A nice change in sound for Debbie Harry – thanks to Chic production from Nile Rodgers and Bernard Edwards – who really help the solo singer find a groove that's quite different than her work in Blondie! The style's a mixture of the funky club that Chic did so well, with elements that lean a bit more towards an early 80s rockish dancefloor – almost with a vibe that echoes some of the UK imports trickling over to these shores at the time, but with a definite New York vibe underneath! The setting gives Harry's vocals a great way to hit a more playful nature – that sound that was creeping in a bit in Blondie, but which some folks thought was wrong for the group – and Chris Stein is still on hand to bring in some street-sensitive riffing guitar. Titles include "Backfired", "Military Rap", "Oasis", "Surrender", "Chrome", "Jump Jump", and "The Jam Was Moving". (Includes the printed inner sleeve. Cover has a cut corner and sticker spot.) © 1996-2017, Dusty Groove, Inc.
We realize that there are many different interpretations of the standard grades used for pre-owned vinyl record albums & CD, so we thought we'd offer you the ones that we are working with, so you have an idea what we mean when we give the grade for a non-new item on our pages.
Below are stated conditions for a used vinyl records at Dusty Groove. Grading for the cover should be assumed to be near (within a "+" or "-") the grading for the vinyl. If there is significant divergence from the condition of the vinyl, or specific flaws, these will be noted in the comments section of the item. However, please be aware that since the emphasis of this site is towards the music listener, our main concern is with the vinyl of any used item we sell. Additionally, please note that all of our records are graded visually; considering the volume of used vinyl we handle, it is impossible for us to listen to each record. If we spot any significant flaws, we make every attempt to listen through them and note how they play.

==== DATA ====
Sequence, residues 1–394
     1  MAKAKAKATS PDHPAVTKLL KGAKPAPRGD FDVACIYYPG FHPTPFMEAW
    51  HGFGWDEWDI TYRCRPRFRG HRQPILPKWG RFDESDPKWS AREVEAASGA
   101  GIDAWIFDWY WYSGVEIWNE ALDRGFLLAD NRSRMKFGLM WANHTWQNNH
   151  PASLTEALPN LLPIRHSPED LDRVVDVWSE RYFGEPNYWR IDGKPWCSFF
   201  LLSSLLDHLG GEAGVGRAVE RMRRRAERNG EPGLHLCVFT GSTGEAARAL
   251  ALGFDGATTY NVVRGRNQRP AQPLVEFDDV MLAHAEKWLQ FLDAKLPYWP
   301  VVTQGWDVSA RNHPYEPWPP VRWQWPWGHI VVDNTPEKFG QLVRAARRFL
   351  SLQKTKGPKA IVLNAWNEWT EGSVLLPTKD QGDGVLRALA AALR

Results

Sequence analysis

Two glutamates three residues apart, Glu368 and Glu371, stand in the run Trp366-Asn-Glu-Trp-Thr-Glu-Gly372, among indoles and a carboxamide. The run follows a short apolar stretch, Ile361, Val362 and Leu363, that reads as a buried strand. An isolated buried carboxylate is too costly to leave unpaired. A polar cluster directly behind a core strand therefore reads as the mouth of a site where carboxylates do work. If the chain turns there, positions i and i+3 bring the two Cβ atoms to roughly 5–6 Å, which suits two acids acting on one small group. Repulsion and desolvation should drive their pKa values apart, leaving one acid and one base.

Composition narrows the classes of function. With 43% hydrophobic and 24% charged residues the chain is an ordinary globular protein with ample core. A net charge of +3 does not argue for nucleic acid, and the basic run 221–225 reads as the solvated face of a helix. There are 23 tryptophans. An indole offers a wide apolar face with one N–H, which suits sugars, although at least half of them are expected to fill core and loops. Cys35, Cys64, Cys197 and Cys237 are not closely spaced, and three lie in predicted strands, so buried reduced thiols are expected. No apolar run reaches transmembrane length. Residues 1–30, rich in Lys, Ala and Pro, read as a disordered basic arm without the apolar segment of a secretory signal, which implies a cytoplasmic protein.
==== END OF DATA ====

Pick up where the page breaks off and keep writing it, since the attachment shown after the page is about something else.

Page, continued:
The following grading conditions apply to the vinyl component of an album or single:
If something is noteworthy, we try to note it in the comments — especially if it is an oddity that is the only wrong thing about the record. This might include, but isn't limited to, warped records, tracks that skip, cover damage or wear as noted above, or strictly cosmetic flaws.